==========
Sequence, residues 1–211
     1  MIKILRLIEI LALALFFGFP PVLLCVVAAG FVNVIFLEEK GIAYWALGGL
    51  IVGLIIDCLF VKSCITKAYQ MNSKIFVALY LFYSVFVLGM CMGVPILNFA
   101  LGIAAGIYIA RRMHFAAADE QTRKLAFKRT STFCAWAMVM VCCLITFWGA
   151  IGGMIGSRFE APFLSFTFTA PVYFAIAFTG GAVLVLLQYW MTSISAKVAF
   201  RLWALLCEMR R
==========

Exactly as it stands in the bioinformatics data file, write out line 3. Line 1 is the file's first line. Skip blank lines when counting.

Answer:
    51  IVGLIIDCLF VKSCITKAYQ MNSKIFVALY LFYSVFVLGM CMGVPILNFA